NEA cuts: Curtains for regional theater?
"This won't be the first time that theater people have to empty their own wastebaskets," Sara O'Connor says, as she envisions opening the 28th season of the Milwaukee Repertory Theater Company, in Milwaukee, which she directs. She may be "keeping myself going at one end of a darkened building," because county funds that maintain the Milwaukee Rep's home in the performing arts center may be frozen starting in October in order to pay heavy welfare costs.Skip to next paragraph
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It should be a healthy year for the Milwaukee Repertory Theater. It has 19, 700 subscribers, 86 percent of whom have renewed from last year, and last year all shows played to 98 percent capacity houses. It's presenting two new plays as well as a work by the 15th-century Spanish playwright Calderon to what O'Connor describes as "a terrific audience to play to," and it has toured the upper Midwest and performed "A Streetcar Named Desire" in Japan.
There are theatrical strongholds all over the country. New York is now am center, but not them center, for new work. In Milwaukee; Los Angeles; Louisville , Ky.; and Minneapolis, to name just a few, there are theaters that are all 25 and 30 years old, well managed, well attended, and committed to developing new plays. But now there are fear and trembling in the regions, and dark mutterings of going back to revivals of "Arsenic and Old Lace."
What went wrong? The nonprofit theaters around the United States don't run on box office revenues alone. If they did, ticket prices would be prohibitive. They have been depending on a combination of popular support, government support , and grants from local corporations. Playing to a packed house is fulfilling, but it also means the Milwaukee Rep, like others, has peaked in earned income. With the probable cuts in the National Endowment for the Arts, the balance of combined support begins to wobble. Gaps open up.
Sara O'Connor and other theater directors around the country don't see "corporations rushing in when there's nothing to rush in with." They point to a tax bill that does not encourage philanthropy, and to the nonprofit theaters traditional role as critic of the capitalist society that corporations represent. And, as Peter Zeisler, executive director of the Theater Communications Group, points out, theater may be the most difficult critic to tolerate, because "we're the art form that deals the most in ideas and language." A composer may have anti-establishment views, and a museum director may hate the profit motive, but businessmen can enjoy their music and look at their exhibits without feeling uncomfortable. A playwright expresses himself in words, and many want to make the establishment uncomfortable. "We're dangerous -- or should be," Zeisler says.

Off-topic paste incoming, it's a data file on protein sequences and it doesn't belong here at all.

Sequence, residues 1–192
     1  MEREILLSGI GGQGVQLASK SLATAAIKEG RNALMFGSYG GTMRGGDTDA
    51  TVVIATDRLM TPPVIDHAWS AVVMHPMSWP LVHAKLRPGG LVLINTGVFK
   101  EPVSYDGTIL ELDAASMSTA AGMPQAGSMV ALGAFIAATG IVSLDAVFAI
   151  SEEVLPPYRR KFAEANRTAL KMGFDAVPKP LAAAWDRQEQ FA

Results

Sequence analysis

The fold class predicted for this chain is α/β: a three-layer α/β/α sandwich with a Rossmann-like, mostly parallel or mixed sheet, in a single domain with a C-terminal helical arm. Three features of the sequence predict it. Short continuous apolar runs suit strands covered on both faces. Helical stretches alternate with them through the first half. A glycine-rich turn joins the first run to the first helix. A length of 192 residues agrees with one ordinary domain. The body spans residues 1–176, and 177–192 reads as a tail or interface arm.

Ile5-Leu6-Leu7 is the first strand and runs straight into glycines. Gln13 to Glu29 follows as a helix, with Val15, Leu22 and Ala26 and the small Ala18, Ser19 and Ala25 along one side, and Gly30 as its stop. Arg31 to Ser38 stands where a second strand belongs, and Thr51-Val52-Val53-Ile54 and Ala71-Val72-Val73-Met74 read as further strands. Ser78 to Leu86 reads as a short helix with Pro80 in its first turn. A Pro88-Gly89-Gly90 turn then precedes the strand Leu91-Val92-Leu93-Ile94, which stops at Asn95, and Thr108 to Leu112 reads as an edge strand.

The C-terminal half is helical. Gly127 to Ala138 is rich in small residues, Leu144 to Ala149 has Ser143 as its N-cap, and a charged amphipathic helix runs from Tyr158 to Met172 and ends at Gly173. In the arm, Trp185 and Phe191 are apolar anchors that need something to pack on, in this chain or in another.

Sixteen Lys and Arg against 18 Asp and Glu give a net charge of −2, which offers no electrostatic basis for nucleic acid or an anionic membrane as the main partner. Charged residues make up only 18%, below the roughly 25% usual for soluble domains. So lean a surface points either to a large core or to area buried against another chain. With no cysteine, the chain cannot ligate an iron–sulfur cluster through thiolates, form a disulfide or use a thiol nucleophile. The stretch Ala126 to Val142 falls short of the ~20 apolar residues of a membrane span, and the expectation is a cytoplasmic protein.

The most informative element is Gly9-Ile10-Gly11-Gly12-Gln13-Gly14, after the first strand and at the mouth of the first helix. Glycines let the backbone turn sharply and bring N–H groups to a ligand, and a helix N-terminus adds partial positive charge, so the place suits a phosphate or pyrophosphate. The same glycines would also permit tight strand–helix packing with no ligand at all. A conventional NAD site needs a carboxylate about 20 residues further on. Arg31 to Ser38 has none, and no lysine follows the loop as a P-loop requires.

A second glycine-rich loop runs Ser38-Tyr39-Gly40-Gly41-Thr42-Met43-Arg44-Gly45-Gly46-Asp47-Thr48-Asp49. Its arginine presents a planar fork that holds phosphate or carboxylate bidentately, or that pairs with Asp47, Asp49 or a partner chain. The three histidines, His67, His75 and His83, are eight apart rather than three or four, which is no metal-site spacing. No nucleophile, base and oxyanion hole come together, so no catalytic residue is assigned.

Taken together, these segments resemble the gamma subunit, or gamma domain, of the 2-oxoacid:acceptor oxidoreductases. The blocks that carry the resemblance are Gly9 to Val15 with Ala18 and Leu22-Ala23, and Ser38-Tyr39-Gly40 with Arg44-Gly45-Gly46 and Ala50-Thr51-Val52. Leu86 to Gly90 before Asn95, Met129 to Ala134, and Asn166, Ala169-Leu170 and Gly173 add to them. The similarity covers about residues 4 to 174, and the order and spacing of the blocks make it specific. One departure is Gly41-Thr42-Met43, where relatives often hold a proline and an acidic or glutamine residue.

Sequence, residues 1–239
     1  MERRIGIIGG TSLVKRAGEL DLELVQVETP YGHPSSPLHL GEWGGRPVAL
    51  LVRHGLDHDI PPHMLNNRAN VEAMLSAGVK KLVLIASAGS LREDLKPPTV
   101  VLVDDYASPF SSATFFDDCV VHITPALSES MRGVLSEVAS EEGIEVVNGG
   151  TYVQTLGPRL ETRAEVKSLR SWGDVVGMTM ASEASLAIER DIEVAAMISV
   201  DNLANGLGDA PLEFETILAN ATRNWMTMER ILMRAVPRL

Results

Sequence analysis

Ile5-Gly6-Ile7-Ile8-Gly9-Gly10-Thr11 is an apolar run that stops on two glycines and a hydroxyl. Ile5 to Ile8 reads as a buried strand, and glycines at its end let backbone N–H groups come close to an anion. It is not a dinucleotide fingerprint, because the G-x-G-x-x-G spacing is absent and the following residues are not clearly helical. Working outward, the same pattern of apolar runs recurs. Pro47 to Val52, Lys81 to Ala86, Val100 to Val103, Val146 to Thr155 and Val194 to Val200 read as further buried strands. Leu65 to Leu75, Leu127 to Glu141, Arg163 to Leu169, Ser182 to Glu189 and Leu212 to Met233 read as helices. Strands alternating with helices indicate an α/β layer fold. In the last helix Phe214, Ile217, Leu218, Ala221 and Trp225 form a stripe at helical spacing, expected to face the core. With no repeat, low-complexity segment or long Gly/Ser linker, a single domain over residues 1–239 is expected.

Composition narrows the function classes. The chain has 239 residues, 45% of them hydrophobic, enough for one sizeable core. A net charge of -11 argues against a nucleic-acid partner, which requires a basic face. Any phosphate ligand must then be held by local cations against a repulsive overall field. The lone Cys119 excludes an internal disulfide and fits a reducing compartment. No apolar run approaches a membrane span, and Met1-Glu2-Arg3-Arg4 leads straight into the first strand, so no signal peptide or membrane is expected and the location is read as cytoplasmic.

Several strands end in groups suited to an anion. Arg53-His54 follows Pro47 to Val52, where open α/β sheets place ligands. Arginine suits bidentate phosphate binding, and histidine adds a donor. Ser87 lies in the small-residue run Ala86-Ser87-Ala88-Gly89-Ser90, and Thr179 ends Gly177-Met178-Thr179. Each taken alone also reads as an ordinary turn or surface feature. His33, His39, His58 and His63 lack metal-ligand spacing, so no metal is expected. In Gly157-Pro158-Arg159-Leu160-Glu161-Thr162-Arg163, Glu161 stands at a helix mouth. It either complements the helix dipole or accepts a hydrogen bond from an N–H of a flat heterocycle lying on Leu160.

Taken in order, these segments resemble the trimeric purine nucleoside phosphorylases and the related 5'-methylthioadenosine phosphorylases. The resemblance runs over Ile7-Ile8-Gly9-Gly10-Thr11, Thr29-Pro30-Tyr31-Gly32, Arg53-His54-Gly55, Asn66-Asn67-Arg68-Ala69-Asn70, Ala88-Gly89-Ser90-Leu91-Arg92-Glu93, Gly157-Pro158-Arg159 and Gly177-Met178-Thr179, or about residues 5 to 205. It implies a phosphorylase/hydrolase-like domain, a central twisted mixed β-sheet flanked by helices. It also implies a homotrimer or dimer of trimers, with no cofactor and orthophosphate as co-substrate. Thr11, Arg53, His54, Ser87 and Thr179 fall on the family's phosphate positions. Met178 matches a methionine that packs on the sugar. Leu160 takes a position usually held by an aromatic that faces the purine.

The probable National Endowment for the Arts (NEA) cuts may not hurt the Milwaukee Rep's operating budget too much this year, but Sara O'Connor fears scrimping in a different area -- development of new work and communication with New York talent. Now, the Milwaukee Rep is able to give residencies to young playwrights which help the community, like the time Ray Arana, a black playwright, held a series of workshops for black playwrights in Milwaukee. And Arden Fingerhut, a New York lighting designer, is in residence with the Milwaukee Repertory as a "dramaturge" -- someone who practices many theater arts -- for a year. Her help in Milwaukee is augmented when she goes back to New York on business and scouts out new talent for it.
Operating money will be hard to make up, of course, but it is the "gravy," as Gordon Davidson of Los Angeles's Mark Taper Forum calls it -- the programs that encourage communication with other theaters and the communities -- that will go first.
It is that connection between theaters and communities that turned a few "winter stock" theaters scattered around the country into a "movement" that now generates Pulitzer Prize-winning plays such as this year's "Crimes of the Heart, " first produced in Louisville, and "The Great White Hope," which got its start at the Arena Stage in Washington. Aside from the prizes, it provides a place for playwrights to hone their craft, and actors to get training outside of the make'-em-or-break'-em world of Broadway.